Changing Environment of Indian Real Estate
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11 April 2019 - 8:00, by , in NRI, No comments

Indian Real Estate has seen various policy changes in the last one year. The policy and regulation modifications implemented by the Government of India are aimed at improving the investment environment and stimulating institutional investment in the country. The broader idea behind the regulatory changes is to bring transparency and accountability in the otherwise unstructured sector and to eliminate the irritants which have been a part of the industry since the beginning of time. The following changes are a step towards a radical environmental transformation:

Demonetisation: The recent demonetisation of 500 and 1,000 rupee notes by the prime minister is perceived as a significant reform. In the long run, this measure along with Real Estate (Regulation and Development) Act, 2016 (RERA) will align the real estate sector to international standards of doing business, resulting increased fund flow from institutional investors, banks and higher unit sales. Also we will see correction in home loan rates.

Real Estate (Regulation and Development) Act, 2016: The Real Estate (Regulation and Development) Act, 2016 came into force in April 2017 has laid down a regulatory framework which will change the way the real estate sector operates in India. It aims to enhance transparency, bring greater accountability in the realty sector and set disclosure norms to protect the interest of builders, investors and end users.

Smart Cities: The Smart Cities mission of the government is a bold new initiative to promote cities that provide core infrastructure and give a decent quality of life to its citizens, a clean and sustainable environment and application of ‘Smart’ Solutions. The focus is on Tier II and Tier III cities to have a country wide development and initiate healthy and smart living in the smaller cities. Comprehensive development in this way will improve quality of life, create employment and enhance incomes for all, especially the poor and the disadvantaged, leading to inclusive cities.

Amendment to the Benami Transactions Act: The Benami Transactions (Prohibition) Amendment Act, 2016 lays down stringent rules and penalties associated with dealings related to ‘benami’ transactions. It establishes a regulatory mechanism to deal with disputes arising from such transactions and levying penalties to increase the institution-investor participation and regulating the sector to make India an attractive investment destination.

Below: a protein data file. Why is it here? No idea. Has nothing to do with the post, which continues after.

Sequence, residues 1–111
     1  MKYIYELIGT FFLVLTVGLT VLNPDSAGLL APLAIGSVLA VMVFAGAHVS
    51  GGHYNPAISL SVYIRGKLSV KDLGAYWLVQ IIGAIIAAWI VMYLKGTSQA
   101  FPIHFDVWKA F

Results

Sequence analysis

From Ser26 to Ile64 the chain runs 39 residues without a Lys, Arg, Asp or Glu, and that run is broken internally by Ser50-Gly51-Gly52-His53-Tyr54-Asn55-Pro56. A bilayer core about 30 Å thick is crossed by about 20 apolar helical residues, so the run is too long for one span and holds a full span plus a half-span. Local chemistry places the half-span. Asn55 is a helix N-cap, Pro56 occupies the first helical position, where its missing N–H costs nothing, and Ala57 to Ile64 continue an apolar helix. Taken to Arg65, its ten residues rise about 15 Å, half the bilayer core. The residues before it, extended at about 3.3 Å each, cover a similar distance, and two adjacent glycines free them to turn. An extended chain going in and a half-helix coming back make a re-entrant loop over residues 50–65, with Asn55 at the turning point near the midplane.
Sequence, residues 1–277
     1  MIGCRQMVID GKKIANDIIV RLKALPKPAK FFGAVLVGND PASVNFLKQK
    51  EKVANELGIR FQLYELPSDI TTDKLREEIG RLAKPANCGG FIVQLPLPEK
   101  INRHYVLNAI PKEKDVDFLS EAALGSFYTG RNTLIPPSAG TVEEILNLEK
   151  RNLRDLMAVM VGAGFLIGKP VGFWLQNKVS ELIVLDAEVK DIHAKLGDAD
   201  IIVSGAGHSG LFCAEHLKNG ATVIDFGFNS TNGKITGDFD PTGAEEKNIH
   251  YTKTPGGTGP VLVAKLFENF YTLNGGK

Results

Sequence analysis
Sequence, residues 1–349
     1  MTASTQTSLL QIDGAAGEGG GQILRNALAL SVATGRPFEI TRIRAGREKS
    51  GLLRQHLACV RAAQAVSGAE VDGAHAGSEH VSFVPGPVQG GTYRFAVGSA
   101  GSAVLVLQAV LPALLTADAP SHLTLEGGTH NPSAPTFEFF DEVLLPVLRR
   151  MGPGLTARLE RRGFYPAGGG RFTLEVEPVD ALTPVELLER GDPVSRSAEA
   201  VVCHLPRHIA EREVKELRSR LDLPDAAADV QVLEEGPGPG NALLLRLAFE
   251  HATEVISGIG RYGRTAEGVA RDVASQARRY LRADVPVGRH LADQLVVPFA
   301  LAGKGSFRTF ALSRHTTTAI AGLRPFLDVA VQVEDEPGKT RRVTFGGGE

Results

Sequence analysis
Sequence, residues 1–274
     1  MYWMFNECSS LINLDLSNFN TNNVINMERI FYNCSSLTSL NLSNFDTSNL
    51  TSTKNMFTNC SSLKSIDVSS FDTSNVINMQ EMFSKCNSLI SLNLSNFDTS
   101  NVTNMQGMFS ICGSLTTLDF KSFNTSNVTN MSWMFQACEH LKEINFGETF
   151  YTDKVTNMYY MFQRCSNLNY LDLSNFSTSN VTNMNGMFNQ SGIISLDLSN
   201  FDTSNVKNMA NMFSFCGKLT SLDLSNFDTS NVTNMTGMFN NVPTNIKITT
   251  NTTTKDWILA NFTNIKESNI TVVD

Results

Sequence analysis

100% deduction in profits for affordable housing construction: To promote affordable housing, the finance minister proposed 100% deduction in profits to an undertaking from a housing project for flats of up to 30 sq. metre in four metro cities and 60 sq. metre in other cities. These projects have to be approved during June 2016 to March 2019. Another condition was that the project should be completed within three years of grant of approval.

Interest subsidy for first-time homebuyers: To stimulate housing demand from first- time home buyers, the Union Budget 2016-17 also proposed deduction of additional interest of INR 50,000 per annum for first-time home buyers for loans of up to INR 35 lakh sanctioned during the next financial year for houses with a value not exceeding INR 50 lakh. This move should positively influence home sales in non-metros in the long term where residential product prices are not as high as those in metros.

Service tax exemption on construction of affordable housing: Exemption of service tax on construction of affordable houses of up to 60 square metre under any scheme of the central or state government including public private participation or PPP schemes will propel construction in affordable segment across India and encourage greater collaboration between the public and private sector as well as participation in affordable home construction.

Implementation of Goods and Services Tax structure: Goods and Services Tax (GST) is a positive move towards simplification of Indian tax system. However, the real estate industry is still awaiting clarity on which items fall into “sin” and “common use” and whether they will attract 18%, or 12% possible tax rates. Additional clarification is also needed if the implementation of GST will subsume existing service tax and Value Added Tax (VAT), which are levied for under construction projects currently.

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